top of page

What is a Variable Frequency Drive?

The purpose of this section is to describe how these components work together as an integrated unit. The basic concept behind Variable Frequency Drive or VFD technology was first developed by General Electric around 1950. Since then it has been widely adopted for use with induction motors because they are inexpensive, reliable, and easy to control. A typical application would be on a forklift truck where speed can be controlled easily from 0–100% without any mechanical or electrical changes.



The most basic rectifier converter for the VSI drive is configured as a three-phase, six-pulse, full-wave diode bridge. Permanent magnet synchronous motors have quite a limited field-weakening speed range due to the constant magnet flux linkage. Basic programming of the microprocessor is provided as user-inaccessible firmware. User programming of the display, variable, and function block parameters is provided to control, protect, and monitor the VFD, motor, and driven equipment.

A typical VFD controller includes a number of functional blocks including:

  • Digital interface module

  • Analog front end module

  • Processor module

  • Memory module

  • Communication module

  • Driver circuit

  • Protection circuit

  • Fault detection circuit

  • Diagnostic test unit

  • Calibration unit

  • Software development kit

  • Communications port

VFD Controller

Operator interface

A typical VFD controller has several components including:


  • Power supply circuitry

  • Microprocessor 

  • Memory

  • I/O ports

  • User controls such as knobs, dials, etc.

  • Communication interfaces

  • Mechanical parts

  • Cooling fans

  • Heat sinks

  • Wiring harnesses

  • Mounting hardware

  • Software drivers

  • Firmware

  • Displays

  • Motors

Speed Control

Networked involves transmitting the intended speed over a communication protocol such as Modbus Modbus TCP EtherNet/IP, or via a keypad using Display Serial Interface while hardwired involves a pure electrical means of communication. 4-20mA, 0-10VDC, or using the internal 24VDC power supply with a potentiometer. The most common method is to use an analog input on the drive itself that allows you to set the desired output voltage in order to achieve your desired RPM. This type of system requires no additional hardware other than the actual motor controller. The advantage here is that it's very easy to implement but has several disadvantages including limited resolution and accuracy due to the nature of analog inputs.  

Programming a VFD

The first step in setting up your new VFD is to determine which type you have and then download its appropriate program from the manufacturer’s website. Once downloaded it must be installed onto an available USB port on your computer. The next step is to connect the power supply to the VFD and turn it on. If everything goes well there should be no error messages displayed by the device. You may now proceed with configuring the settings using either the built-in keyboard or the touchpad that comes with the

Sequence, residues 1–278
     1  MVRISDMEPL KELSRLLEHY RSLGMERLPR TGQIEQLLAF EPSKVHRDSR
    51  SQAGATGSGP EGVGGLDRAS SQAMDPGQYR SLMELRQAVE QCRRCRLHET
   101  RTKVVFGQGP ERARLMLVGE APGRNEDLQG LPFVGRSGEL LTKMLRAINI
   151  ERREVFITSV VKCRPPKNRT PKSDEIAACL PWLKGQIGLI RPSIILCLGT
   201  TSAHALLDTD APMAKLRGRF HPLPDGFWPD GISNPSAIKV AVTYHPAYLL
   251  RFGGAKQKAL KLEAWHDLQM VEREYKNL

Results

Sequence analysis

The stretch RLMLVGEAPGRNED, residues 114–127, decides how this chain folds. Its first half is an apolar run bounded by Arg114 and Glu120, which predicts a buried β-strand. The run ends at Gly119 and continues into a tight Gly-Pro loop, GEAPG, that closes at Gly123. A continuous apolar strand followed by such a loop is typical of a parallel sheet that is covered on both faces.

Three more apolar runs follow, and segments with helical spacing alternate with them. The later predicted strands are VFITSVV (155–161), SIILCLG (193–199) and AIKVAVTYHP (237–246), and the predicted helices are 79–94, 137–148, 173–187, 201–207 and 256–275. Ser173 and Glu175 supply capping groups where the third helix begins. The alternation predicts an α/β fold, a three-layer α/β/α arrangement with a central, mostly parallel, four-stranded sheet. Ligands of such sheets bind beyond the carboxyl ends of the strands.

Variable Frequency Inverter

Starting and Software Behavior

The starting sequence for most drives is as follows:


  • Input voltage goes high

  • Start pulse is sent out by the controller

  • If no response is received within a specified time period then the drive assumes that there was a failure in the system and shuts down

  • After this point, the drive waits for another start command before restarting again.

Drive operation

In starting a motor, a VFD initially applies a low frequency and voltage, thus avoiding high inrush current associated with direct-on-line starting. The basic function of a VFD is to convert an alternating input signal into a continuous output waveform having a fixed amplitude and varying frequency. In general terms, this means converting sinusoidal signals into square waves. However, there are many different types of VFDs that differ mainly in their control methods and power conversion techniques.

VFDs have been used for decades in industrial settings to provide electrical power to motors.  

Energy savings

Such energy cost savings are especially pronounced in variable-torque centrifugal fan and pump applications, where the load's torque and power vary with the square and cube, respectively, of the speed. By using VFDs instead of fixed-speed induction motors, up to 50% or more of the energy consumed by these motors may be reduced. The potential savings range from 5% to 80%, depending upon application type and size. In addition, there are other benefits associated with the use of VFDs including improved reliability, increased system life expectancy, lower maintenance costs, and higher availability.

           Marshal Electrical & Metal Products Co. Ltd. is the Best Electrical Supplier of Variable Frequency Drive in the Philippines 

Scneider Electric Variable Frequency Drive

Schneider Electric VFD ( Variable Frequency Drive )


LS Electric VFD ( Variable Frequency Drive )

bottom of page